Out of sight, below the ground, the soil teems with life. Much of the living mass of soils is made up of fungi, which form extensive underground networks, working in partnership with plants and "supercharging" their root systems.

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More than 90 per cent of all plant species form associations with mycorrhizal fungi. Scientific research continues to make discoveries about the world beneath our feet, revealing how important it is to take care of our soil health by adopting sustainable practices such as composting, using leaf mould and not using synthetic fertilisers.

What are mycorrhizal fungi?

Applying mycorrhizal fungi powder in the base of a planting hole
Applying mycorrhizal fungi powder in the base of a planting hole

The word mycorrhizal relates to "myco" (fungi) and "rhiza" (root). It refers to the symbiotic relationships that fungi have with plant roots, aiding absorption of nutrients and helping them grow. Mycorrhizal fungi pass water and nutrients to the plant, and the plant in turn supplies the fungi with some of the food that it generates by photosynthesis – the process by which plants use sunlight to transform water and carbon dioxide into oxygen and energy.

Because the fungi are far more extensive than the plants’ roots alone, they efficiently ‘mine’ the soil for nutrients and water, and the food from the plant boosts the fungi growth.

Mycorrhizal fungi have been around for hundreds of millions of years and research suggests that they are the root of all life on land. Underground, mycorrhizal fungi form an extensive network, known as mycelium, of microscopic thread-like strands or hyphae, which becomes far more extensive than the actual roots of a plant. Incredibly, the fungal network can cover up to 700 times more soil than the plant roots alone. Fungal networks also connect individual plants together to share resources in a natural ecosystem, often described as the ‘wood wide web’ for its similarities with the internet or ‘world wide web’.

The benefits to plants of mycorrhizal fungi

Mycorrhizal fungi gel on tree roots
Mycorrhizal fungi gel on tree roots

Gardeners can boost natural levels of mycorrhizal fungi by composting, mulching the soil with organic matter such as well-rotted horse manure, letting leaf litter remain on the soil and top-dressing with leaf mould. You can also buy mycorrhizal fungi and add it to the planting hole when planting new plants. This can help plants establish more quickly and boost healthy growth by supplying additional water and nutrients. Mycorrhizal fungi therefore help plants resist drought, produce bigger crops and flowers, resist diseases, and thrive on poor soils or adverse conditions. The primary beneficiaries of mycorrhizal fungi are woody plants, but other types of plant also benefit. Mycorrhizal fungi also help newly planted roses overcome rose replant disorder.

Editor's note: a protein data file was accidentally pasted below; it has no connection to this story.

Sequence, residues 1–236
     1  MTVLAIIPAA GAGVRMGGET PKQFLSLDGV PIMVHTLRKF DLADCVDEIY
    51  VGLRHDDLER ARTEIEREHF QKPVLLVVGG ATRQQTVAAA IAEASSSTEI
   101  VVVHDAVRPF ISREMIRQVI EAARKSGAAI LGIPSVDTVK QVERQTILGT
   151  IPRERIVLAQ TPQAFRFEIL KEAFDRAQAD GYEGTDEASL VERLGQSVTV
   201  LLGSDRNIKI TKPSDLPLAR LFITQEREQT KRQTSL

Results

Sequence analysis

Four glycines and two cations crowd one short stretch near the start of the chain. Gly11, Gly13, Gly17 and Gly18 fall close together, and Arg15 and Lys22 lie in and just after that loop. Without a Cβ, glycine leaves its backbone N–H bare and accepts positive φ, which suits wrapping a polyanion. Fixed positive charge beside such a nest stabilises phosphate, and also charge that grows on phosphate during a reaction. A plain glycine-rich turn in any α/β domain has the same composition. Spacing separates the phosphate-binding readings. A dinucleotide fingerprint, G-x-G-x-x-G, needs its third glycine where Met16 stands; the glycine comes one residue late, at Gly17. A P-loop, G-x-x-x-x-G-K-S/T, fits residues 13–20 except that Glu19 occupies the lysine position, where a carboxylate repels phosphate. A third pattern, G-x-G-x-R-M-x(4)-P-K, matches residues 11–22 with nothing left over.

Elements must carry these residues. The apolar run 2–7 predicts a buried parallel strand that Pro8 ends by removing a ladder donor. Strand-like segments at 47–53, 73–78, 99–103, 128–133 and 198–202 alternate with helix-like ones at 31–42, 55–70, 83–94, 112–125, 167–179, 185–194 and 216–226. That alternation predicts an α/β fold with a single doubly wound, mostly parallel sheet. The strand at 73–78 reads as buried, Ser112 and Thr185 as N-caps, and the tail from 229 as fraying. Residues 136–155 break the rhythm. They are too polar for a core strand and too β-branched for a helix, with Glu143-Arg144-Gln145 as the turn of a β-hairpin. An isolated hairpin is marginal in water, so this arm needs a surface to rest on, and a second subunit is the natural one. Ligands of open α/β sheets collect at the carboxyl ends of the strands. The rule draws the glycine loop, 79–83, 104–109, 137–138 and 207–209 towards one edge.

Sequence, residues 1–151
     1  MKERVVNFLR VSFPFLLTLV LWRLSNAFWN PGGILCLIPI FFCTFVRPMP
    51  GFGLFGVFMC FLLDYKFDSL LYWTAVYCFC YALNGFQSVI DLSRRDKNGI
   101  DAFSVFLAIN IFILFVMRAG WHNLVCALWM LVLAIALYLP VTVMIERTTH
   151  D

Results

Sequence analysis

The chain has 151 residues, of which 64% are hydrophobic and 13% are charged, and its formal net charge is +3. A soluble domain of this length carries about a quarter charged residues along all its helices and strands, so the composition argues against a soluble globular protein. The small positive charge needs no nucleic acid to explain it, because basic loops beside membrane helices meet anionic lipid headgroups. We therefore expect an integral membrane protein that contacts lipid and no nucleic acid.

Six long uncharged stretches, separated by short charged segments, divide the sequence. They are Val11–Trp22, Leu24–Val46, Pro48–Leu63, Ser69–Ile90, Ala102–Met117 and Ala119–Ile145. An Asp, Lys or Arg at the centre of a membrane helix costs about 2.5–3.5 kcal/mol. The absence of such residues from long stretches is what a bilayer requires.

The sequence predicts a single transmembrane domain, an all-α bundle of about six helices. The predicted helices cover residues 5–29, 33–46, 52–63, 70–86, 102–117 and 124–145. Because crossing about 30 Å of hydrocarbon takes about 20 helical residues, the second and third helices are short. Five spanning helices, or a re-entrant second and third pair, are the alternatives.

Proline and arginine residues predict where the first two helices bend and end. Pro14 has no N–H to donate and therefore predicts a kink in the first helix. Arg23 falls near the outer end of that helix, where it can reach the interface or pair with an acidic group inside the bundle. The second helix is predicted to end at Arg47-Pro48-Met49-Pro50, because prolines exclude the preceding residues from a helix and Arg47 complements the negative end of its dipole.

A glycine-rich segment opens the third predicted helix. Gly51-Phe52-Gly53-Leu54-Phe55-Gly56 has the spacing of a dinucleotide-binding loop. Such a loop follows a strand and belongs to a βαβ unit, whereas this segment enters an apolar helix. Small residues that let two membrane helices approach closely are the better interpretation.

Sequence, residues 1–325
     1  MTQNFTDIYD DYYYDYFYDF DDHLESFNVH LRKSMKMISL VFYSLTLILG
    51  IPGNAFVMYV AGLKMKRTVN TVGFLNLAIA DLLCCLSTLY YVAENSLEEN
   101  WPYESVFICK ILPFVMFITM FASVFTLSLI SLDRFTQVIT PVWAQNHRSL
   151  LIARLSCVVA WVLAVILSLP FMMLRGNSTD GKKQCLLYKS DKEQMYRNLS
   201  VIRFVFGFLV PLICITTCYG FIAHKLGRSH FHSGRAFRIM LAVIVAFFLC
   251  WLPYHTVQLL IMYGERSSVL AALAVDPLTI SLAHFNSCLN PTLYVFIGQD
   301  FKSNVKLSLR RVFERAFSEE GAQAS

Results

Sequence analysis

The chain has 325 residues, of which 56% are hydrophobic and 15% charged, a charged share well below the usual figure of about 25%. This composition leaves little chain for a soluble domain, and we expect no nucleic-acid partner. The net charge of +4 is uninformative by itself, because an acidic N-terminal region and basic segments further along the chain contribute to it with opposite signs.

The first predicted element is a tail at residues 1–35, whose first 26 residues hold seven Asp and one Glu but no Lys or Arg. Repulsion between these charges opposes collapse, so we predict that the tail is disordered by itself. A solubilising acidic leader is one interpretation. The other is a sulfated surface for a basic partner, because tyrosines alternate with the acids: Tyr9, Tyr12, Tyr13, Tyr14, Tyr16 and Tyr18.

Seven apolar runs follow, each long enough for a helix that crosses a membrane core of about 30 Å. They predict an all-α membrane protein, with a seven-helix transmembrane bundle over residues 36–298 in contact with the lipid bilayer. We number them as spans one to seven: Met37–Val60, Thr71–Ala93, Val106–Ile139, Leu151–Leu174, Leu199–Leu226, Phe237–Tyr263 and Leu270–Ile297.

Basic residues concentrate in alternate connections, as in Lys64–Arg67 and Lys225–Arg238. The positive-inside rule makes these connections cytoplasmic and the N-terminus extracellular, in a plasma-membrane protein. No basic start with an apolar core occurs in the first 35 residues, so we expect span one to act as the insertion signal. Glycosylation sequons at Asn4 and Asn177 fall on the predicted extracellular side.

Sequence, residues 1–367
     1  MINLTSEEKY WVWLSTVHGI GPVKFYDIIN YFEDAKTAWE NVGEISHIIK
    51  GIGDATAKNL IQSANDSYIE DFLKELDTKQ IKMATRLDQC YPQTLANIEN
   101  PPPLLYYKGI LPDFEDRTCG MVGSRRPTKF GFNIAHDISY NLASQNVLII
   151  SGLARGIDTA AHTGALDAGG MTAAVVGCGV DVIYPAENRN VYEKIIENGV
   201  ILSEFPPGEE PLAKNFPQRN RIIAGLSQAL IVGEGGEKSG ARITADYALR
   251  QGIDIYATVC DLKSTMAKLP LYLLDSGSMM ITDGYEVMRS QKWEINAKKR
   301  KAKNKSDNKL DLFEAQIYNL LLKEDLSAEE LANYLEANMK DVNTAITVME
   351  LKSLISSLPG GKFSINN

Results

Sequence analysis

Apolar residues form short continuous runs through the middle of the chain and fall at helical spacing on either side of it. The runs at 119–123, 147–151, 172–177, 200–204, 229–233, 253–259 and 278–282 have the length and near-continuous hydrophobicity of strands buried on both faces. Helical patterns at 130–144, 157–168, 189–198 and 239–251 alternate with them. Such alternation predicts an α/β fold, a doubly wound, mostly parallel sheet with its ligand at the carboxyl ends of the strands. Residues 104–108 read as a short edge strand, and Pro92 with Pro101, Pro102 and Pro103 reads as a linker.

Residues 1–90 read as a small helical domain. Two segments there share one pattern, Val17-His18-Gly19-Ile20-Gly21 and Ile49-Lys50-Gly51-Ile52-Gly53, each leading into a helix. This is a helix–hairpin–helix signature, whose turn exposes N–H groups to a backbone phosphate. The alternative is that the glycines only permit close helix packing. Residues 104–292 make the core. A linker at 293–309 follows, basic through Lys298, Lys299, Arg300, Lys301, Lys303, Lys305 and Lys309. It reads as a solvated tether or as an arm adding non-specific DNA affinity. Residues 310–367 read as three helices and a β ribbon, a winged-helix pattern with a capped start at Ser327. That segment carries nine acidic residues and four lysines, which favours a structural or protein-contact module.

Plants that do not benefit from mycorrhizal fungi

Plants in the Brassica family do not use mycorrhiza. The Brassica family includes vegetable crops such as broccoli, Brussels sprouts, cabbage, cauliflower, kale, rocket, swede, and turnip. Ornamental flowering plants in the Brassica family include candytuft (Iberis), sea kale (Crambe) and wallflower (Erysimum).

How to use mycorrhizal fungi

Mycorrhizal fungi powder around rootball of tree
Mycorrhizal fungi powder around rootball of tree
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  • Buy mycorrhizal fungi in powder, granule, or gel form
  • The most important use of mycorrhizal fungi is as a one-off aid when planting, especially of bare rooted trees, shrubs, roses, hedging, fruit, and perennials. Mycorrhizal fungi is also beneficial when growing from seed, including lawns, and bulbs
  • Mycorrhizal fungi is also an effective aid to establishing container grown plants
  • Use powder or granules when planting container grown plants. Mix the mycorrhizal fungi into the planting hole and sprinkle onto the plant roots to ensure immediate contact
  • When planting bulbs or seeds, sprinkle a little of the mycorrhizal fungi into the soil or planting hole first
  • Mycorrhizal fungi is also beneficial for plants growing in containers
  • Ericaceous (lime hating) plants like rhododendrons, azaleas, and blueberries need a particular type of mycorrhizal fungi
  • Use gel when planting bare rooted plants (these are only available during the winter months, whilst dormant). In a bucket, mix up the gel with water as per the manufacturer's instructions and dip the plants’ roots in before planting
  • Do not apply chemical fertilizers, or phosphorus-rich organic ones such as bonemeal, as these would suppress mycorrhizal fungi activity
  • Avoid using chemical weedkillers, pesticides, or fungicides
    When not to apply mycorrhizal fungi
  • Do not use if fungicidal chemicals have been applied recently as the fungicide will kill the beneficial fungi
  • Chemical fertilizers inhibit the growth of mycorrhizal fungi
  • Avoid using mycorrhizal fungi alone on poor or over-cultivated soil. Improve the overall soil condition first by applying plenty of organic matter, such as garden compost, well-rotted manure, composted chipped bark or garden shreddings, or leaf mould
  • Do not apply on soil where brassicas have been grown

Advice on buying mycorrhizal fungi

A wide range of products containing mycorrhizal fungi are available. Most contain Rootgrow ™, the first and only product so far to be licenced by the Royal Horticultural Society. Ensure you buy the correct one for your plants by checking the list above

Where to buy mycorrhizal fungi

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